US5225770 *Feb 25, 1991Jul 6, 1993General Scanning, Inc.Moving magnet galvanometers having a varied density winding distribution coil for a desired performance characteristic
US5235180 *Mar 5, 1992Aug 10, 1993General Scanning, Inc.Rotary motor having an angular position transducer and galvanometer scanning system employing such motor
US5424632 *Oct 22, 1992Jun 13, 1995General Scanning, Inc.Moving magnet optical scanner with novel rotor design
US5537109 *May 28, 1993Jul 16, 1996General Scanning, Inc.Capacitive transducing with feedback
US5811773 *Feb 14, 1997Sep 22, 1998Symbol Technologies, Inc.Scanner with flexible flat cable electrically connected to light emitter
US5825013 *Jun 30, 1997Oct 20, 1998Symbol Technologies, Inc.For reading bar code symbols
US5998899 *Jun 12, 1997Dec 7, 1999Rosen Motors L.P.Magnetic bearing system including a control system for a flywheel and method for operating same
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US6218803Jun 4, 1999Apr 17, 2001Genetic Microsystems, Inc.Position sensing with variable capacitance transducers
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US6433449Mar 14, 2002Aug 13, 2002Gsi Lumonics, CorporationGalvanometer unit
US7071591Dec 10, 2003Jul 4, 2006Covi TechnologiesElectromagnetic circuit and servo mechanism for articulated cameras
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US7365464Sep 1, 2004Apr 29, 2008Gsi Group CorporationComposite rotor and output shaft for galvanometer motor and method of manufacture thereof
US7820956Jun 4, 2007Oct 26, 2010Gsi Group CorporationOptical position transducer systems and methods employing reflected illumination for limited rotation motor systems
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Classifications
U.S. Classification318/662, 361/289
International ClassificationG01D5/241, H02K11/00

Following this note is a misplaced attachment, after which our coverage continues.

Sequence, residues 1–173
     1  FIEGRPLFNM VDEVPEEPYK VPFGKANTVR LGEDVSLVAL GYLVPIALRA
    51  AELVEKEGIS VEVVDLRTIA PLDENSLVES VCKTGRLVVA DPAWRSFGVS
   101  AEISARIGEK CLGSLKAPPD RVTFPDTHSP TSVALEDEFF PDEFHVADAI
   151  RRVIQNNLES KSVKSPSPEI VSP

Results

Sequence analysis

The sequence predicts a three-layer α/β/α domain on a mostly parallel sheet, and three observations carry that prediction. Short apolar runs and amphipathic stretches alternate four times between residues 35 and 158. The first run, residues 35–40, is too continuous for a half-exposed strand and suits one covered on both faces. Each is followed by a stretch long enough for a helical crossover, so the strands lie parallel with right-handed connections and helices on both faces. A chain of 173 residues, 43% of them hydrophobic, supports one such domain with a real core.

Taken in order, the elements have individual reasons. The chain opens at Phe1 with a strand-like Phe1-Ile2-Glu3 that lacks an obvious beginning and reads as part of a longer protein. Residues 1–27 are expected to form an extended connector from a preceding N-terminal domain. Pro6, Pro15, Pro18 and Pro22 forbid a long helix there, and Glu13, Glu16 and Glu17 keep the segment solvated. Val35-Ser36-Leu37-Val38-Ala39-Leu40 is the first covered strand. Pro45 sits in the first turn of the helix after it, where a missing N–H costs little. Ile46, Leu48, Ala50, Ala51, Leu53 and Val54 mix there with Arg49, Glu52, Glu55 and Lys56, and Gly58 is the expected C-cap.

Cooperative ClassificationG01D5/2412, H02K11/0015
European ClassificationH02K11/00F1, G01D5/241B
Legal Events
DateCodeEventDescription
Oct 26, 2011ASAssignment
Owner name: GSI GROUP INC., MASSACHUSETTS
Free format text: RELEASE;ASSIGNOR:THE BANK OF NEW YORK MELLON TRUST COMPANY, N.A.;REEL/FRAME:027127/0368
Owner name: MICROE SYSTEMS CORP., MASSACHUSETTS
Effective date: 20111019
Free format text: RELEASE;ASSIGNOR:THE BANK OF NEW YORK MELLON TRUST COMPANY, N.A.;REEL/FRAME:027127/0368
Owner name: PHOTO RESEARCH INC., MASSACHUSETTS
Owner name: CONTINUUM ELECTRO-OPTICS INC., MASSACHUSETTS
Free format text: RELEASE;ASSIGNOR:THE BANK OF NEW YORK MELLON TRUST COMPANY, N.A.;REEL/FRAME:027127/0368
Owner name: CONTROL LASER CORPORATION (D/B/A BAUBLYS CONTROL L
Owner name: SYNRAD INC., MASSACHUSETTS
Owner name: THE OPTICAL CORPORATION, MASSACHUSETTS
Owner name: QUANTRONIX CORPORATION, MASSACHUSETTS
Owner name: CAMBRIDGE TECHNOLOGY INC., MASSACHUSETTS
Owner name: GSI GROUP CORPORATION, MASSACHUSETTS
Owner name: EXCEL TECHNOLOGY INC., MASSACHUSETTS
Owner name: MES INTERNATIONAL INC., MASSACHUSETTS
Jul 29, 2010ASAssignment
Free format text: SECURITY AGREEMENT;ASSIGNORS:GSI GROUP INC.;GSI GROUP CORPORATION;MES INTERNATIONAL INC. AND OTHERS;REEL/FRAME:24755/537
Effective date: 20100723
Owner name: THE BANK OF NEW YORK MELLON TRUST COMPANY, N.A., A
Free format text: SECURITY AGREEMENT;ASSIGNORS:GSI GROUP INC.;GSI GROUP CORPORATION;MES INTERNATIONAL INC.;AND OTHERS;REEL/FRAME:024755/0537
Jun 23, 2003ASAssignment
Owner name: GSI LUMONICS CORPORATION, MICHIGAN
Free format text: ASSIGNMENT OF ASSIGNORS INTEREST;ASSIGNOR:GENERAL SCANNING, INC.;REEL/FRAME:013751/0518
Effective date: 20030623
Owner name: GSI LUMONICS CORPORATION 22300 HAGGERTY ROADNORTHV
Free format text: ASSIGNMENT OF ASSIGNORS INTEREST;ASSIGNOR:GENERAL SCANNING, INC. /AR;REEL/FRAME:013751/0518
Feb 25, 1999FPAYFee payment
Year of fee payment: 12
Mar 15, 1995FPAYFee payment
Year of fee payment: 8
Nov 2, 1990FPAYFee payment
Year of fee payment: 4
Aug 1, 1986ASAssignment
Owner name: GENERAL SCANNING, INC., WATERTOWN MASSACHUSETTS A
Free format text: ASSIGNMENT OF ASSIGNORS INTEREST.;ASSIGNOR:FLOWERS, PETER T.;REEL/FRAME:004587/0787
Effective date: 19860730